For most of my life, I felt so out of touch, so painfully like a puzzle piece that people kept trying to shove into the wrong spot:  I looked like I fit, but I was a little different – not quite right.  Maybe life is about not fitting into the puzzle.  Maybe it’s about being the piece that drops on the floor, never fitting into that pre-defined space, and perhaps finding peace among the dust bunnies (and the occasional dead spider) in the Dyson.  I am at peace, and am thankful I’ve reached this place in my life.

The things I know/rules to live by:

  1. Be kind
  2. Work hard
  3. Live life like everything you do (and think) will eventually be known
  4. Learn to appreciate the beauty in the simplest of things
  5. Love without fear
  6. Listen to your intuition
  7. Be thankful every day
  8. Forgive, and understand everyone has their own journey

I’ve been absent for a while, learning more lessons, applying for re-written job descriptions within my organization.  Thankfully, after two months of upheaval and chaos in the workplace, I will continue to be employed.  Twenty percent (yes, that’s 20%) of my colleagues in IT Operations will cease to be employed.  I wish them luck, and thank them for participating in my journey.  Life will unfold as it should, and though our paths have diverged, we will all end up where we are supposed to be, learning what we should.

A Day of Reflection

Today was amazing – the kind of day you wish every day could be. Nothing earth-shattering or unusually significant happened, but I awoke with a sense of inner peace and joy, and carried it with me throughout the day. This is my intent each and every day, but today it was effortless. Smiles at strangers returned the same, but their faces were filled with such a magnitude of cheer. Today, the world was smiling back at me.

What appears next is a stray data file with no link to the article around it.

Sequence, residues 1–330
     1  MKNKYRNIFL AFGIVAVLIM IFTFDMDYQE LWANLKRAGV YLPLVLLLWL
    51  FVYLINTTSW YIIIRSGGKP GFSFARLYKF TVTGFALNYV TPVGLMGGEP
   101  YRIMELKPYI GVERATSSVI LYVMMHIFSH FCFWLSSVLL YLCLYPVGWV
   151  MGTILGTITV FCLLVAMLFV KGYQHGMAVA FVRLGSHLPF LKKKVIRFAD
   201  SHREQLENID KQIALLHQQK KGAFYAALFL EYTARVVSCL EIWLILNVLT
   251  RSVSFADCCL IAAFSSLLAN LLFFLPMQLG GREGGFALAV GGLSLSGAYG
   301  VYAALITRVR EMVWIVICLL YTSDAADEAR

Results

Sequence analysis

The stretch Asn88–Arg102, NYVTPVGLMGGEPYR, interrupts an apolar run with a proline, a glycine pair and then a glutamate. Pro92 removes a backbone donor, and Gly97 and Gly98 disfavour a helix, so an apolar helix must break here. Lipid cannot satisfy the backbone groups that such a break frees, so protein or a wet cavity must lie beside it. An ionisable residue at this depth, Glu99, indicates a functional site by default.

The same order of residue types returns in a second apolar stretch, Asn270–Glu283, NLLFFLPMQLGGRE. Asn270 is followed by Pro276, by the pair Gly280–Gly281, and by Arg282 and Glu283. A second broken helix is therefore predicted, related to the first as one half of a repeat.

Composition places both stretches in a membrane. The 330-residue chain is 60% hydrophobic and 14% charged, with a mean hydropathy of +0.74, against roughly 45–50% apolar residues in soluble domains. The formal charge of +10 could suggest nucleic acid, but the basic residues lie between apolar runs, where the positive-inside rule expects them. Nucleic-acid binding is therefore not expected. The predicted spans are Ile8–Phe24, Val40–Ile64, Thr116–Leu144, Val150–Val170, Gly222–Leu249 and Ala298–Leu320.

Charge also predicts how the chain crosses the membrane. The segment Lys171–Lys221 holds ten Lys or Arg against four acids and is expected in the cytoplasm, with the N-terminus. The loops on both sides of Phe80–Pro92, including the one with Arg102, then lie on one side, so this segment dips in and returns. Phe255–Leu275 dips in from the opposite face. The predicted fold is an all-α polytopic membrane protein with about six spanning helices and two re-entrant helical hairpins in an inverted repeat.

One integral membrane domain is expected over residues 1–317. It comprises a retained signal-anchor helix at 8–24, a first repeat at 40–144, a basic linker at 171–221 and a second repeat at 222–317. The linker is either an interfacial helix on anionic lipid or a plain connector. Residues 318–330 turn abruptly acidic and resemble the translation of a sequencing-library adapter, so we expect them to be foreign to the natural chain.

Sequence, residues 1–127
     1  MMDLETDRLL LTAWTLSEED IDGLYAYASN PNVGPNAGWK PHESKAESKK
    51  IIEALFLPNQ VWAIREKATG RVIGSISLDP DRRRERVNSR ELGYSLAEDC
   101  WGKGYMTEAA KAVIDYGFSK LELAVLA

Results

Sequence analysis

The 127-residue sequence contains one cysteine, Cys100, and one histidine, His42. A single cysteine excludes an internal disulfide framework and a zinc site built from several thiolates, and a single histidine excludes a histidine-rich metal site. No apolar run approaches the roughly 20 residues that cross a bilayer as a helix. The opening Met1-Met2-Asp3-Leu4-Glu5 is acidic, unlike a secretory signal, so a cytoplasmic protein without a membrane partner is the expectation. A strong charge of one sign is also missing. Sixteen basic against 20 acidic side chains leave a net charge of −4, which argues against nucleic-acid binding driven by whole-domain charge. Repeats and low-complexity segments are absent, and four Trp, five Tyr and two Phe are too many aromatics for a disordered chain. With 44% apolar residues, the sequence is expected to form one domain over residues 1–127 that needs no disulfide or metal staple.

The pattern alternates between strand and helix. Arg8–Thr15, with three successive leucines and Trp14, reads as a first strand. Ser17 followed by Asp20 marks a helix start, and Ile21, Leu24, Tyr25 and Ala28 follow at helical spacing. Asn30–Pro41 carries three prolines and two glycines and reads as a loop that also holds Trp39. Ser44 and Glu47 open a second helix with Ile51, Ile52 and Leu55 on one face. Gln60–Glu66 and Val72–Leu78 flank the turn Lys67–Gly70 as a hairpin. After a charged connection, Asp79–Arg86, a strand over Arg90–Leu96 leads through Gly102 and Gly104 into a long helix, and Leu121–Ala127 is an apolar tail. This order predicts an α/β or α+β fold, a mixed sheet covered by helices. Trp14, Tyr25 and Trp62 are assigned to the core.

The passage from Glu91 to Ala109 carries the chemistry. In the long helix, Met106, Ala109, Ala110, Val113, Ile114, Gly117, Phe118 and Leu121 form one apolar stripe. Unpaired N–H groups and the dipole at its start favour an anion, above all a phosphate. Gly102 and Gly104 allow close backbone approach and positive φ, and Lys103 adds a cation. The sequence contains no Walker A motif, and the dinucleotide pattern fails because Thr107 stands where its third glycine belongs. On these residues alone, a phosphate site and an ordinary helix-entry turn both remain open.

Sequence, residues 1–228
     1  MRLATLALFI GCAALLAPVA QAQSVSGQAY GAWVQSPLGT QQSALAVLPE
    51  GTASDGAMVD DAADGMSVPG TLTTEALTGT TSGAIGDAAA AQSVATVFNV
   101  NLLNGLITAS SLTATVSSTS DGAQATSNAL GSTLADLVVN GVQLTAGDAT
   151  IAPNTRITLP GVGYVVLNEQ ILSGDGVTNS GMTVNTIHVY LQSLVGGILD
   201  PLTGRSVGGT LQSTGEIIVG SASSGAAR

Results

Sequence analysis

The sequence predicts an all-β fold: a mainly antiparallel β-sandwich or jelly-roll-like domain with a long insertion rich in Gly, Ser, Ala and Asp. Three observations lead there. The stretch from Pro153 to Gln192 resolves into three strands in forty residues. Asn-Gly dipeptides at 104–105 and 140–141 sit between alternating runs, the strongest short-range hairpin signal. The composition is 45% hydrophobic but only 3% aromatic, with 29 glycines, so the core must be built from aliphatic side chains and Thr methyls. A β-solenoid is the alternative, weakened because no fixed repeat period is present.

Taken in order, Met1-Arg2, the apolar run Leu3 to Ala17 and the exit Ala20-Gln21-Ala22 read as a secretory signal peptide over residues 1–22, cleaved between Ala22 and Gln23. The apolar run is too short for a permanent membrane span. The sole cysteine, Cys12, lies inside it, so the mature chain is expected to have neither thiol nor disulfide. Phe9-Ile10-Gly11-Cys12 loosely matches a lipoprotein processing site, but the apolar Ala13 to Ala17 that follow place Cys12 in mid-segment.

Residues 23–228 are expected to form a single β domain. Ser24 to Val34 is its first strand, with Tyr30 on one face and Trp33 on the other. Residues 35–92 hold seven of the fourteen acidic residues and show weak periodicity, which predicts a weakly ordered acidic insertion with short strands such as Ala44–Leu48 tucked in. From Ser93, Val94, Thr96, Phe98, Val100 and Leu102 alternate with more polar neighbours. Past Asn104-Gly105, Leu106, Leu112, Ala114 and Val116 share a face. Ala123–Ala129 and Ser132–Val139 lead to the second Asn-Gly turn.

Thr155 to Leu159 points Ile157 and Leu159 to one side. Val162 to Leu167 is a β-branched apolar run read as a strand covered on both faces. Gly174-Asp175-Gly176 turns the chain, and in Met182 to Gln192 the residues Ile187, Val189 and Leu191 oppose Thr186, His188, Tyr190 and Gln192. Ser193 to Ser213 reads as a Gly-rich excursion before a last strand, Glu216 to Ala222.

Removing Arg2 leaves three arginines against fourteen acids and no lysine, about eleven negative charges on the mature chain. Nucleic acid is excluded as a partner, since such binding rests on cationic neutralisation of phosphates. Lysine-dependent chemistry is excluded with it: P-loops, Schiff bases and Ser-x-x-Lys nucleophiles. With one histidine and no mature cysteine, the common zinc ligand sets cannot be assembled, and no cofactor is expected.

Upon calling my sister (The Gardening Hotline) to find out if my kale starts were too leggy, she reminded me that today was the 19th anniversary of our mother’s death. Maybe I wasn’t alone today.

Though my mother and I were so very different, I have her to thank for me becoming who I am today. She was a boarding-school raised society girl, an extrovert, a sorority sister, and a brilliant intellectual. I spit the silver spoon out at a young age, never felt the need to join a group (and be labeled), and ended up doing things the hard way my entire life. Much to my mother’s chagrin, I learned things by doing, and certainly not by listening. We would find ourselves at odds regularly.

About a month before her death, she shared words that I will never forget: “Karen, I have never worried about you. I worry about your sisters, but never about you.” It was in that moment that I realized that she did know me, as separate and different as we were. She saw me before I even had a clue who I was.

Thank you, Mom. Were it not for the challenges of our relationship, I would not be who I am today. I wish I’d had more insight in my 20s and could have thanked you in person, but I had so far to go before I could appreciate the lessons. Your grandchildren are amazing, and you would also never worry about them. Thank you for your legacy. You were honestly one of the most amazing people I’ve ever known, and I’m sorry I wasn’t able to fully appreciate you in your lifetime. At least I’ve learned to in mine.